Ultimately, it’s important to improve funding, identify parts of the healthcare system where a cyberattack would cause the most harm to patients and embed security into emerging technology. However, combined with an expanding attack surface, an ageing population and increasingly expensive new health technologies, there are concerns that funding alone will fall flat.

Therefore, other solutions must be implemented. That starts with improving cyber resilience and following best practice guidelines. From data security to response plans, there are toolkits and resources readily available that every healthcare provider should be adhering to. What’s more, the Department of Health and Social Care (DHSC) and the government are working with health and adult social care organisations, as well as the supply chain, to achieve cyber resilience across the sector by no later than 2030. Again, while this is a step in the right direction, there are already rampant threats out there. So, a more immediate fix is needed.

Modernising patient safety and protecting patient data
As part of the five pillars in the DHSC’s plan, being able to see the entire attack surface has become essential. This means having complete visibility and security for all connected medical devices, clinical assets and the entire healthcare ecosystem, helping to also keep protected health information (PHI) of patients secure.

While advanced technology enables greater connected care, it also creates a larger attack surface. With an average of 55,686 physical and virtual assets connected to organisational networks, only 60% of these assets are monitored on average, leaving 40% unmonitored. Without full visibility, healthcare organisations are exposing themselves to these threats.

Only by understanding and seeing all potential vulnerabilities, can organisations prioritise remediation efforts and effectively mitigate risks. The right tools can help keep connected assets secure and PHI systems safe, so the medical devices closest to patient care can operate uninterrupted and uncompromised.

Moreover, while EoS OSs and legacy systems remain part of the biggest threat, it’s not always so simple to upgrade, no matter how much additional funding is thrown at the NHS. Medical devices are intricate parts of a larger system. Replacing an MRI machine or CT scanner isn’t as simple as buying a new laptop; it can disrupt entire care networks and can be incredibly expensive and resource intensive, particularly for a sector that’s understaffed and constantly faces budget cuts.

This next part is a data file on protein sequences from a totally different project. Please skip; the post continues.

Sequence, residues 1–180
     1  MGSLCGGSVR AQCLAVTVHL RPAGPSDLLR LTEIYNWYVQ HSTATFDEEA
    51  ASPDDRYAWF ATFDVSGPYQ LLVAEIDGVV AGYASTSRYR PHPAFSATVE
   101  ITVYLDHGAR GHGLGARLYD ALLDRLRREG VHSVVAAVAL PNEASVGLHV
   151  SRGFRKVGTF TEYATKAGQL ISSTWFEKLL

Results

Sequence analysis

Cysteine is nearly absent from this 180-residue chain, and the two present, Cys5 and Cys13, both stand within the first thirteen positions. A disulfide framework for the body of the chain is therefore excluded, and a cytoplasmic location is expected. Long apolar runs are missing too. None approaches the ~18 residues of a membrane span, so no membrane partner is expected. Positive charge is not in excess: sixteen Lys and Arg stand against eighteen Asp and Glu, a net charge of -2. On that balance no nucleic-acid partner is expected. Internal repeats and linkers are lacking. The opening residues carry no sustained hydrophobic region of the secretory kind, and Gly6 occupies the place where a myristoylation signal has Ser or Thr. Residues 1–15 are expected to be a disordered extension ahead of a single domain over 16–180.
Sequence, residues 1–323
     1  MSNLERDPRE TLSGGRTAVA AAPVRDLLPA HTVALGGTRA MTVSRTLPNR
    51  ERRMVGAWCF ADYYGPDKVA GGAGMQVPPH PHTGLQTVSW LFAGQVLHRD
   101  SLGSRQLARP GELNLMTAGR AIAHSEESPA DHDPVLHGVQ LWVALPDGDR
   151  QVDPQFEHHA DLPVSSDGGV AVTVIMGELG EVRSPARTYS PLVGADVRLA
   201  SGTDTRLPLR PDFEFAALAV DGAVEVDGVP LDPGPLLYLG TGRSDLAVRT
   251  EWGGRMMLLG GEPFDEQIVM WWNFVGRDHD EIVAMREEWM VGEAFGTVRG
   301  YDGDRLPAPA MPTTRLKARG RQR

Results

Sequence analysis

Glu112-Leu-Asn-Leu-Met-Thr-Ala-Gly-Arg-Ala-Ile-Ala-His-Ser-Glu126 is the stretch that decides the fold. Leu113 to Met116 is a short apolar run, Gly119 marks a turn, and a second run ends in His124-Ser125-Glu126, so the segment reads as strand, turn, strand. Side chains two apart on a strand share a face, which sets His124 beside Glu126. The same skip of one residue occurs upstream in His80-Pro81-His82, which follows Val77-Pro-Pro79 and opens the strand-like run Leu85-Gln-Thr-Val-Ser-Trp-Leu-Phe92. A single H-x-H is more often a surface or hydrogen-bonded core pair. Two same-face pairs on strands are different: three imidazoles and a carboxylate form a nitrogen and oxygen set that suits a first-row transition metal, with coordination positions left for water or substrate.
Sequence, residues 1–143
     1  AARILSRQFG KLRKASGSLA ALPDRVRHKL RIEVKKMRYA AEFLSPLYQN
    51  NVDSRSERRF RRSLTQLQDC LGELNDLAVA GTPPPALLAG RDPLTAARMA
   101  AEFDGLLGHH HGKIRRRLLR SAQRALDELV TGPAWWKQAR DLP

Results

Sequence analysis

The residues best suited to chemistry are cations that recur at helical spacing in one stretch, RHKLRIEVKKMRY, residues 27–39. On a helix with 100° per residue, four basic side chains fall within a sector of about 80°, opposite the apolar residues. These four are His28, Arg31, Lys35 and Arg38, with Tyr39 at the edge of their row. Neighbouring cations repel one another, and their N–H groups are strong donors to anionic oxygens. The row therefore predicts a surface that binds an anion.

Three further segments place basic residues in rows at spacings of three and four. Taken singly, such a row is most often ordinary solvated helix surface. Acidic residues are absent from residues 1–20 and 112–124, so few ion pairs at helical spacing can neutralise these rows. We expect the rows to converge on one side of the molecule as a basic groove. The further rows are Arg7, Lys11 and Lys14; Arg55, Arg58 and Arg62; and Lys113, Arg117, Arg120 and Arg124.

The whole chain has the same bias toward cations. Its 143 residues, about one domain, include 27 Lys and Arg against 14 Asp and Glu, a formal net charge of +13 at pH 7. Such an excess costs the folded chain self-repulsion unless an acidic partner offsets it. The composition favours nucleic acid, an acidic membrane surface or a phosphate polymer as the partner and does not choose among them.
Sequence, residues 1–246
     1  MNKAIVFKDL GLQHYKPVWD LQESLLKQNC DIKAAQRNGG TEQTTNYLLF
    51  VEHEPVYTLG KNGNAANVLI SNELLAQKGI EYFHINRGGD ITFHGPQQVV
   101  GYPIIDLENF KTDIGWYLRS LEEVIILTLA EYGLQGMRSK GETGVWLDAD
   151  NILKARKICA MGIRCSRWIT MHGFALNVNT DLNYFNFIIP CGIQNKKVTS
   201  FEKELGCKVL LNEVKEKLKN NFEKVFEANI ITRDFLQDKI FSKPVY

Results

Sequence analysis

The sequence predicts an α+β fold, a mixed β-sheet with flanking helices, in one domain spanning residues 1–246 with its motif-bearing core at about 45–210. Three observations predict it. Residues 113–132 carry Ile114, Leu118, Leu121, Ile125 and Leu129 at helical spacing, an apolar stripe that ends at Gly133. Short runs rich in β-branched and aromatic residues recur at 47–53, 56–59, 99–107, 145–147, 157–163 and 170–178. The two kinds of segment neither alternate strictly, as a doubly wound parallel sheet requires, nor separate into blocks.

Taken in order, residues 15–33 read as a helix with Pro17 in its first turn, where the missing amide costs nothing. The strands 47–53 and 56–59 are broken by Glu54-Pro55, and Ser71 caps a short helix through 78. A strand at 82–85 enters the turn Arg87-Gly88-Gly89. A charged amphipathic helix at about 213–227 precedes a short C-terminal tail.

Fortunately, there are other steps healthcare organisations can take to mitigate these risks. Segmenting the network by essentially creating barriers between critical systems and older devices can help contain potential breaches and limit the damage attackers can inflict. Implementing best practices like strong passwords, firmware updates and access control – alongside visibility of the attack surface – can improve cyber hygiene and make organisations less vulnerable.

This also includes comprehensive security awareness training for staff, as human error remains a major threat, accounting for over 80% of cyber incidents. Equipping them to identify and mitigate threats is key to rebuilding patient trust in the face of evolving dangers. Not only that, but the sector, as highlighted in the DHSC’s cyber resilience five pillars, must be better integrated in its overall approach, with centralised platforms and services to avoid silos and duplicated efforts. This includes sharing data, learning and resources to improve sector-wide resilience.

Cybersecurity as an ethical imperative
The healthcare industry stands at a crossroads. Legacy systems, growing attack surfaces and a lack of awareness among staff create vulnerabilities that bad actors exploit. While funding is crucial, it’s not the sole solution.
The industry must embrace a multi-pronged approach that prioritises cyber resilience, implements best practices and invests in solutions that help organisations gain complete visibility of its ecosystem. After all, the evolving threat landscape requires a more nuanced approach to vulnerability management.

Healthcare organisations must consider the criticality of assets within the care process. Not all devices are equal – an infusion pump in an ER carries a higher risk than one in a day clinic. Collaboration with clinical units is crucial to prioritise vulnerabilities based on context and impact, moving away from the common siloed approach and instead, integrating cybersecurity throughout the entire care journey.
By acknowledging cybersecurity as an immediate, ethical imperative, the healthcare sector can ensure its focus remains where it belongs: on patient well-being and safety. It’s time to rebuild trust and ensure technology remains a force for healing, not harm.